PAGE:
Category Archives: evangelism
Leaning back against the soft cushions, book held loosely in one hand, chocolate chip cookie in the other, coffee cup perched delicately on my knee, I snuggled in and looked forward to a quiet afternoon of reading. Does it get any better?
The doorbell rang.
Normally I would have ignored it, but I was staying at my parents’ house for a few days, and I thought I should at least see who it was. So, with a sigh, I thumped my cup on the table, set aside my barely tasted cookie, jammed a bookmark in its place, and hoisted myself out of the comfy confines of my parents’ couch.
Opening the front door, I was greeted by three older gentlemen in their Sunday finest. One even held a black leather Bible in front of his red tie. Another fiddled with several small pamphlets that looked suspiciously like evangelistic tracts. And, the third stepped forward with a warm smile: “Hi, we’re from First Baptist Church. You filled out a visitor card last Sunday and we’re following up to see if we can answer any questions for you.”
“Oh, I don’t live here,” I responded. “My parents moved to town a few weeks back and they’ve been checking out a few churches in the area.” Looking for a quick end to the conversation I quickly added, “If you want to leave some information, I’ll make sure they get it.”
But, these were men on a mission; they wouldn’t be dismissed that easily.
“Do you know Jesus?” Pamphlet Man asked. It probably wasn’t quite that abrupt, but that’s how I remember it.
Fortunately, I was just about to graduate from Bible college, so I was well-prepared for difficult theological questions like this. With a little smile, I looked him in the eye and confidently replied, “Yes.”
That was four years of college tuition well spent.
But, they still weren’t done. Leaning closer with his Bible clutched in both hands, the third man asked, “But, do you know where you’re going after you die?”
And there it was. The question that trumps all other questions. What could be more important than knowing the answer to a question about your eternal destiny?
Still a bit annoyed that I wasn’t back on the couch with my book, I nearly said, “Disneyland.” But, he didn’t seem like the type to appreciate a joke about eternal destinies. So, instead, I gave him what he was looking for. “I know that I’ll live forever in heaven after I die,” I said, “because I believe in Jesus with all my heart and trust him as my Lord.”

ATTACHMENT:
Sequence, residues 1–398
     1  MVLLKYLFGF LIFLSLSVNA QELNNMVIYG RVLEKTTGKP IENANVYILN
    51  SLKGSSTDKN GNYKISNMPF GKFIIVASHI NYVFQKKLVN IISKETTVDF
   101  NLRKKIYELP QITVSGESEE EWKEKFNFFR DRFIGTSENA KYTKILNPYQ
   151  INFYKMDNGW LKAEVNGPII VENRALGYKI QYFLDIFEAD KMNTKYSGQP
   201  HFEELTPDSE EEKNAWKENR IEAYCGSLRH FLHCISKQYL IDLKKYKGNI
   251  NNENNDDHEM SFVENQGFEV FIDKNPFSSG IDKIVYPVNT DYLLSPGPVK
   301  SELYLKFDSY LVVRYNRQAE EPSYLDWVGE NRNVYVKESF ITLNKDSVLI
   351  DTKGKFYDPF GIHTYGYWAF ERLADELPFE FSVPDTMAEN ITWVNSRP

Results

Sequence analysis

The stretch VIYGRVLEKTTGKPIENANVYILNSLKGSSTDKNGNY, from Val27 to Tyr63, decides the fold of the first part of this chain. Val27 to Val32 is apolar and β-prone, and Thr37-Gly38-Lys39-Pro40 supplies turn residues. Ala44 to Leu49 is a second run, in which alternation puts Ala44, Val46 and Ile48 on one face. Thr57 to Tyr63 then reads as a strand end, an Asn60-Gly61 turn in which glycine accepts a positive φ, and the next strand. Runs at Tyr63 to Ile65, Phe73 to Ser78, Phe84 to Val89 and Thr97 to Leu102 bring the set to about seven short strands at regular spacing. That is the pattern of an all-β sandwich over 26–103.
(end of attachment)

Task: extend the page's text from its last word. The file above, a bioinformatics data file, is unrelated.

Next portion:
That’s what they needed—assurance that I’d reserved my spot in Heaven forever. So, they gave me some material about the church, shook my hand warmly, and went on about their business.
Too bad. They missed an excellent opportunity to explain what I’d gotten wrong.
Where did we get this idea that the whole point of the story was to make sure that we make it into heaven, and that our primary concern should be where we go after we die? Do you know that if you read through the entire New Testament, you’d end up with only a handful of verses that have anything to do with what happens to us after we die? They are there, and we shouldn’t neglect them. But, why make them such a central part of the story? Why make that the most important question you can ask someone?
Interestingly, that’s the one question Jesus almost never asked. And, he asked a lot of questions:
- Do you really think it’s that impressive if you’re nice to people who are just like you?
- Why are you anxious about little things like clothing?
- Why do you spend so much time considering the flaws of other people and ignoring your own?
- Why are you afraid?
- Why do you think about evil things all the time?
- Do you believe that I can do this?
- Who is truly a part of my family?
- Why did you doubt?
- Who do people say that I am?
- What could you possibly give in exchange for your life?
- Can you endure what I will have to endure?
- What do you want me to do for you?